Star Wars Clone Wars Season 2 Blu-ray review
|REVIEWS - BLU-RAY REVIEWS|
Season one needed work, and season two proves that the work has been done...beautifully.
Finding itself far more focused than the first season, season two of George Lucas's Star Wars TV spin-off continues the saga by embroiling us even further in the Clone War conflict and a galaxy at war. As the fight between the Republic and the Separatists escalates, season two takes us through 22 episodes of action, adventure and high-quality animation.
All the characters are back: Obi Wan, Anakin, Windu, Padme, Dooku, Grievous, the ever-obnoxious Ahsoka, and an increasingly bitter Bobba Fett. There are new characters of course, and the expansion of the Star Wars universe gains plus points with these new additions. Fett fans in particular will enjoy one particular story arc concerning the young Bobba and his rag tag band of bounty hunters.
Other highlights include a two-part story arc concerning the Zillo Beast, a monster of gargantuan proportions allowed to run amuck on Coruscant; while the episode ‘Bounty Hunters’ pays homage to Akira Kurosawa’s Seven Samurai, as Anakin, Obi-Wan and Ahsoka team up with Aurra Sing and her gang to protect some local farmers from a band of pirates.
High praise should also be given for the action sequences this time round. Light-sabre duels in particular are taken up a notch, while space battles and even run-of-the-mill action scenes are, more often than not, better than those seen in the films. Of course, this raises the question: why couldn’t the prequel trilogy have been more like this? Even the dialogue is better than what some of the prequel actors had to spout.
Adding further insult to the memory of the much-maligned prequels is the CGI itself. Aside from the brilliant animation and design of the characters, the animation and background ‘set pieces’ (if you can call them that) are equal to, if not better than those depicted in the films. Coruscant in particular looks better, and more realistic, than ever.
"Even the character of Padme (originally played by Natalie Portman) seems to have developed a personality and, dare we say it, a pulse"
The same holds true for the characters, with the actors turning in far more worthy performances than those delivered by the likes of Christensen (Anakin) and McGregor (Kenobi). Even the character of Padme (originally played by Natalie Portman) seems to have developed a personality and, dare we say it, a pulse.
Another improvement is the insights we’re given into relationships between the characters. Thanks to the extra screen time a television series affords, we now have a much better understanding of the relationships between Padme and Bail Organa, Windu and Anakin, and a far greater empathy with the young and vengeful Bobba. There are other story arcs too, and the characters, old and new, take on more meaning and tend to serve a greater purpose when it comes to telling the tale of George Lucas’s space saga.
One thing lacking from the series, though, is the continuing decline of Anakin as he edges toward the dark side. Yes, there are flashes of the growing menace and feelings of conflict within him, but these are only brief and do nothing to indicate the dark lord he will eventually become. However, Chancellor Palpatine and his sinister ways are on display for all to see, and it will be good to see how his relationship with Anakin develops in the next series. Another relationship that needs to be developed further is that of Anakin and Ahsoka. The paternal protectiveness Anakin felt toward his young Padawan is waning in this series, with Skywalker becoming more of a big brother than an authoritative mentor, while Ahsoka becomes much more assertive and independent in her own right. All these things considered, I will be interested to see where this relationship goes. Knowing that they will have to part eventually, lets hope the young Jedi will meet a suitable end in forthcoming series.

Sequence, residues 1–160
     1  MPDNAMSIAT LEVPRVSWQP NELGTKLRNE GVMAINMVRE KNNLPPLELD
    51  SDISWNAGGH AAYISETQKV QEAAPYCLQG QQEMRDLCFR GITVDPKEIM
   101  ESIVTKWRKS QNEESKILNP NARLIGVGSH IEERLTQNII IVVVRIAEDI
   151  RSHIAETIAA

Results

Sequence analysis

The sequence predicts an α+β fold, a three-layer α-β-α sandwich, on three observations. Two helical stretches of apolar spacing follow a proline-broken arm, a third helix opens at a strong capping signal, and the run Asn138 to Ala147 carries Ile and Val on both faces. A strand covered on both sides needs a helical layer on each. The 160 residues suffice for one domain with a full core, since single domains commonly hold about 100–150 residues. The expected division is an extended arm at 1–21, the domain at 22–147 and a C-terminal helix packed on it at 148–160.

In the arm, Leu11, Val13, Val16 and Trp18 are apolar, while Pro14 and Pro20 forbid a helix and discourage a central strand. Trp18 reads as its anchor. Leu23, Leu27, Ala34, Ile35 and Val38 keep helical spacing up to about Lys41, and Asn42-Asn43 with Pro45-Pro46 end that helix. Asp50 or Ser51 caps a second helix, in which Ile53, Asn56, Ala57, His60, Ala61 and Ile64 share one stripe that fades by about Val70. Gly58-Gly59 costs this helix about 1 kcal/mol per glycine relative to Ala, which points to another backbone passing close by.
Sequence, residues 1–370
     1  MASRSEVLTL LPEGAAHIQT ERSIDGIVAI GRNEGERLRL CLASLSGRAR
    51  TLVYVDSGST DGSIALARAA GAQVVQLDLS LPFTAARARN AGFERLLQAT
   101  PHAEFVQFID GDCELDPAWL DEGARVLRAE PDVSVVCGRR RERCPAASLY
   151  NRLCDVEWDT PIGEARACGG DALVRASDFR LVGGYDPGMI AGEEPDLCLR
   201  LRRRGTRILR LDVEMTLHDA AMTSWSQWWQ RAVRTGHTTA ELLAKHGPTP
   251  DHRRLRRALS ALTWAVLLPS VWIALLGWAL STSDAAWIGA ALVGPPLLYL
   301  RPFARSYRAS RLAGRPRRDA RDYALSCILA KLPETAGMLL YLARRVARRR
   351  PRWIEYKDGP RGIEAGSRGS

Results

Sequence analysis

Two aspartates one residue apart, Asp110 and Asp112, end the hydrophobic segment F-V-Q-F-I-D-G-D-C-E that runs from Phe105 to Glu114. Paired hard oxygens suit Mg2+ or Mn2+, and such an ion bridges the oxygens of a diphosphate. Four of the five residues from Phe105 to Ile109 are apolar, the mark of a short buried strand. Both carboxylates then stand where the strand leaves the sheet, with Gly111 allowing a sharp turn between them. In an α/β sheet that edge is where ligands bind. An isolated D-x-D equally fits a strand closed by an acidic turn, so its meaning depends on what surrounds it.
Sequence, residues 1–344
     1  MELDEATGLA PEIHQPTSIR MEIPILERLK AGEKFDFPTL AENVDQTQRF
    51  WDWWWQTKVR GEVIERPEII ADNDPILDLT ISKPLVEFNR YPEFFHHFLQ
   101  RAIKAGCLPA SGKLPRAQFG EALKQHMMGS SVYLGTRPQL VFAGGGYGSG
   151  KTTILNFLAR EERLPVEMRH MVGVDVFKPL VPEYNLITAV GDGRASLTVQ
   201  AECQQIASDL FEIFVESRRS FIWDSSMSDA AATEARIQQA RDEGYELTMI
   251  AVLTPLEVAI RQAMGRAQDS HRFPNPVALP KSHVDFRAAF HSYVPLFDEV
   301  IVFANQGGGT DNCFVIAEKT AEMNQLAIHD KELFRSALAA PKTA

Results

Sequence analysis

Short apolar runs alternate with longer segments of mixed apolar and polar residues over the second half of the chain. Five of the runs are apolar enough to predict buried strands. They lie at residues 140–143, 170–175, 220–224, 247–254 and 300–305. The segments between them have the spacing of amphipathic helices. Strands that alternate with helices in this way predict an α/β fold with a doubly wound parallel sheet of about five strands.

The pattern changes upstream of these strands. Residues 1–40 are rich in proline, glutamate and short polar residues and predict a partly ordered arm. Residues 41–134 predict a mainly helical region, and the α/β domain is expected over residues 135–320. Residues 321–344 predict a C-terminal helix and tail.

Overall though, it’s fair to say that this series has learnt its lessons from last time, with improvements clearly noticeable. Whereas season one was, at times, misguided and seeming to lack a clear direction, season two is tighter, more succinct and much more focussed than its predecessor. Characters are more developed, with performances outstripping those of their live action counterparts. Likewise, the animation and artwork are of the highest order, again surpassing the designs seen in the films. Story and structure are entertaining from start to finish, with rarely a dull moment sneaking onto the screen. There are highlights and guilty pleasures for the hardcore fans, while those with only a passing interest will no doubt enjoy as well.
Worthy of multiple viewings, season two of The Clone Wars delivers where previous Star Wars outings have stumbled. By no means perfect, it’s certainly entertaining and proves there’s still a bit of life left in the Star Wars story, with this release proving a very welcome addition.
Behind the scenes featurettes on each disc: ‘Attack of the Zillo Beast’, ‘Magic of the Holocron’, ‘Return to Genosis’, ‘Creating Mandalore’.
64-page production journal – Including early sketches, artist notes and concept art from season two.
Blu-ray exclusive: The Jedi Temple Archives: An extensive database exploring special effects footage, early concept art, 3D character and object turnarounds and early animation.
Running Time: 500 Minutes
RRP: Blu-Ray £49.99 / DVD £39.99
Star Wars: The Clone Wars Season 2 is released in the UK on the 15th of November
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